Shaik Trial Pursues Link With Zuma
It started out dull but the evidence of KPGM senior forensic auditor Johan van der Walt is beginning to stir interest.
And today, when he again takes the stand in the corruption and fraud trial of Durban businessman Schabir Shaik, the self-styled "bloodhound" is expected to launch another week of dramatic disclosures relating to the relationship between Shaik and deputy president Jacob Zuma.
On Friday, Van der Walt linked Shaik's actual business deals with records of payments he and his Nkobi group of companies made to Deputy President Jacob Zuma - the "JZ" referred to in dozens of documents before the court.
While Shaik, who claims to be Zuma's financial advisor, admits to making most of these payments, he says they were done out of friendship.
The State wants to prove that, in fact, the pair had a generally corrupt relationship and that Shaik and his companies paid Zuma in return for business influence.
And they are seeking to do this through Van der Walt, who was hired to dig through a strongroom of documents - many of them seized from Shaik's Durban-based office - and present his findings to High Court judge Hilary Squires.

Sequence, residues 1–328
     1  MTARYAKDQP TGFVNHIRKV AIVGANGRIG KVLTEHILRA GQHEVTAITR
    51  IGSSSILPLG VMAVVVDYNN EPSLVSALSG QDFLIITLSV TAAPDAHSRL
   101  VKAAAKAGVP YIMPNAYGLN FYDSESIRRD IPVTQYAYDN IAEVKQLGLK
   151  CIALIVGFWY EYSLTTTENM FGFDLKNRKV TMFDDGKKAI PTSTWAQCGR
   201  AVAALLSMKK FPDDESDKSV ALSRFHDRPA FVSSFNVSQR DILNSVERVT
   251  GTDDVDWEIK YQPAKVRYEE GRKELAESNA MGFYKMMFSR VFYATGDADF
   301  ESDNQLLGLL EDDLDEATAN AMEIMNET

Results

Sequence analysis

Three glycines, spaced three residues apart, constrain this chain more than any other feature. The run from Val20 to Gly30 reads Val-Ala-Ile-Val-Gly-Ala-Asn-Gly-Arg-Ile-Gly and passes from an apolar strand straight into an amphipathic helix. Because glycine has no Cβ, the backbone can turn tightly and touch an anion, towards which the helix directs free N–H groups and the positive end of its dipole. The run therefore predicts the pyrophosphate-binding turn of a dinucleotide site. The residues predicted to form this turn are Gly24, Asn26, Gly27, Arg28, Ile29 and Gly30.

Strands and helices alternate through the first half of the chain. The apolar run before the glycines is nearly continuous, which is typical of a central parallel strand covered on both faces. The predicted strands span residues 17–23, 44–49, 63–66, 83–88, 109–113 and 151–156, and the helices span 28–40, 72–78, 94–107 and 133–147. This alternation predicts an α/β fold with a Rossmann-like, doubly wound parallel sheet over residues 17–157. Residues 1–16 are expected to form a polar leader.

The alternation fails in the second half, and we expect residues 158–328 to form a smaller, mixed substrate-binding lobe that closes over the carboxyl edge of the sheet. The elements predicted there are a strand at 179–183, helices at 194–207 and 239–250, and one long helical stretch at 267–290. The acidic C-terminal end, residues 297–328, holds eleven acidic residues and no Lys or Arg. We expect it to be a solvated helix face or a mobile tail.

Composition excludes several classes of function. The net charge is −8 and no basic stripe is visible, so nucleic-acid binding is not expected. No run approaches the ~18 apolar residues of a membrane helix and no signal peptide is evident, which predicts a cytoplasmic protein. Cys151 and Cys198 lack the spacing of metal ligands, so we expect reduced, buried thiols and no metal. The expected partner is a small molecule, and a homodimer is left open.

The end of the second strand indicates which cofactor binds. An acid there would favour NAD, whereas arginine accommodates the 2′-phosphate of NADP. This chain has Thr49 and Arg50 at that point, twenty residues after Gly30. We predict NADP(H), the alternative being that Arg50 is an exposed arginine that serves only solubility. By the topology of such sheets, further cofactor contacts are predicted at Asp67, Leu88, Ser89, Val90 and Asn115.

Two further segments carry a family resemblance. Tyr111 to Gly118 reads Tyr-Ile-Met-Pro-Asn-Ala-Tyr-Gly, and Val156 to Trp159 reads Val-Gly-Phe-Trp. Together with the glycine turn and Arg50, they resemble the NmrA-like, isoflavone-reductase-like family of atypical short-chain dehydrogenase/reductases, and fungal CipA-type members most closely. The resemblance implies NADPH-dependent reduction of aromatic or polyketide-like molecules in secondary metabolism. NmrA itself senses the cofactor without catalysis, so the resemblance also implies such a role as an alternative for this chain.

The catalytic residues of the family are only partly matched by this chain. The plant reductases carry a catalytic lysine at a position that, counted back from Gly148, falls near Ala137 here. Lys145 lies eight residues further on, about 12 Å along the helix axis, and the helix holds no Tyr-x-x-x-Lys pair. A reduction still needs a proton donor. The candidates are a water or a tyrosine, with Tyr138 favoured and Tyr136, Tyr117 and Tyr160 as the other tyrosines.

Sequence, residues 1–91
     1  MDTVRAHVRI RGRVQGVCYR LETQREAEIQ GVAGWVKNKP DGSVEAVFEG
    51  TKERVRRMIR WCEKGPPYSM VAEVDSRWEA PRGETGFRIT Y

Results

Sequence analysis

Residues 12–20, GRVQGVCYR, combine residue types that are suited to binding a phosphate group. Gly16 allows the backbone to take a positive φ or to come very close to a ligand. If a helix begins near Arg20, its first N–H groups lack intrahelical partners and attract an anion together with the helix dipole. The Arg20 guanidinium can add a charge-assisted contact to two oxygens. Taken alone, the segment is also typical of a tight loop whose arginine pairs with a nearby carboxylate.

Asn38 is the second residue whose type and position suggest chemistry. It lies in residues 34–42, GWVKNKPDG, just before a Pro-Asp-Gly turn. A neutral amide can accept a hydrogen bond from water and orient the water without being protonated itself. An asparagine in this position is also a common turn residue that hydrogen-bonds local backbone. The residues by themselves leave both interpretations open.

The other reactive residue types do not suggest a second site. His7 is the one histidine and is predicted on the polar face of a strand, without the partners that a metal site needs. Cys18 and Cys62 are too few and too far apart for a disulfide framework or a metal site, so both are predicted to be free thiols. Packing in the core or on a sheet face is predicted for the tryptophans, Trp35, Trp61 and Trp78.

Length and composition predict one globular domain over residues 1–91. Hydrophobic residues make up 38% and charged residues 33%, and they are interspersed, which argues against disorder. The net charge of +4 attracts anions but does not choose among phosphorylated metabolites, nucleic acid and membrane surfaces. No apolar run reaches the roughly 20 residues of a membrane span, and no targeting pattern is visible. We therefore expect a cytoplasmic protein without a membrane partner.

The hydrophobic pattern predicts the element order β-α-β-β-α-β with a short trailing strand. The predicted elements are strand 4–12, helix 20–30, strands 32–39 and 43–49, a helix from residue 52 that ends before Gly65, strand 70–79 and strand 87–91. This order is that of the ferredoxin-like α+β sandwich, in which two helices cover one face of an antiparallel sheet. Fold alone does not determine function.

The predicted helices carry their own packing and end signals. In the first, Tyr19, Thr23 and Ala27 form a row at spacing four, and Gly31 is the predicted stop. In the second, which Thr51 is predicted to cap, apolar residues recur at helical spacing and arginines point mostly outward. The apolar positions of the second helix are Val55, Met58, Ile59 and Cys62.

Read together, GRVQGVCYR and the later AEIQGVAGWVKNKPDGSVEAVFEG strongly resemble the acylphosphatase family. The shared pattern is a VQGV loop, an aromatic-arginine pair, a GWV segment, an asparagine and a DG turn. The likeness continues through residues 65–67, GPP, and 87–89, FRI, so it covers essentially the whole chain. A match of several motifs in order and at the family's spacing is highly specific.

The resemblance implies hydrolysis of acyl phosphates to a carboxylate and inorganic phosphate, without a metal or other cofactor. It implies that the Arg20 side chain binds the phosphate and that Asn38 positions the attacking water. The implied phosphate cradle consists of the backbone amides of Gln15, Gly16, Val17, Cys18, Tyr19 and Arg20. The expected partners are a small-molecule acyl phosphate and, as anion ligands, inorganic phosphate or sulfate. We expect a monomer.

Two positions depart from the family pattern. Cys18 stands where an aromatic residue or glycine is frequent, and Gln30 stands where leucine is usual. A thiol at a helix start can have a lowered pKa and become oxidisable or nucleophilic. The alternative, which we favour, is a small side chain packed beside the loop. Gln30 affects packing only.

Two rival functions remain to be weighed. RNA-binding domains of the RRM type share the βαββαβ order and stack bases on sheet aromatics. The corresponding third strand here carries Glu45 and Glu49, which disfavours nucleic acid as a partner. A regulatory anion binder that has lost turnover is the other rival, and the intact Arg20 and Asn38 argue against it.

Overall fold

On Friday, before the court adjourned for the weekend, Van der Walt said his probe had uncovered:
That Shaik had been positioning his companies in the arms industry from 1995 when he had a meeting with the deputy minister of defence in Malaysia.
That Zuma (then minister of economic affairs and tourism in KwaZulu-Natal) had accompanied him on a visit to Malaysia.
That Shaik had misrepresented to the Malaysian minister that he had majority shares in local companies involved in defence-related technology. In fact, most of his companies were dormant.
That in correspondence regarding a new company, Kobipol, which was involved in police technology equipment, Shaik promised to "continue influencing the stoppage of a tender through Fivaz" (then commissioner of police).
Van der Walt said it was evident that as far back as 1995, Shaik had believed he could influence tender procedures. It was during this period that Zuma had received his first payment from the Nkobi group - R3 500 that was paid to his (now late) wife Kate.
Van der Walt also revealed:
That Shaik had negotiated with Malaysian group Renong for shares in a failed Durban Point development deal and a share in Durban's Hilton Hotel.
That Zuma had attempted to assist him with this.
That with both Shaik and Durban businessman Mzi Khumalo competing for shares in the Point project, Renong had looked "for judgment" to Zuma as to which party it should go with.
That Shaik, in a letter, had referred to Zuma needing to approve the composition of the shareholders.
Earlier in the week, Van der Walt testified that in total Shaik and his companies had settled debts amounting to R1.2 million for Zuma.
With acknowledgements to Tania Broughton and the Cape Argus.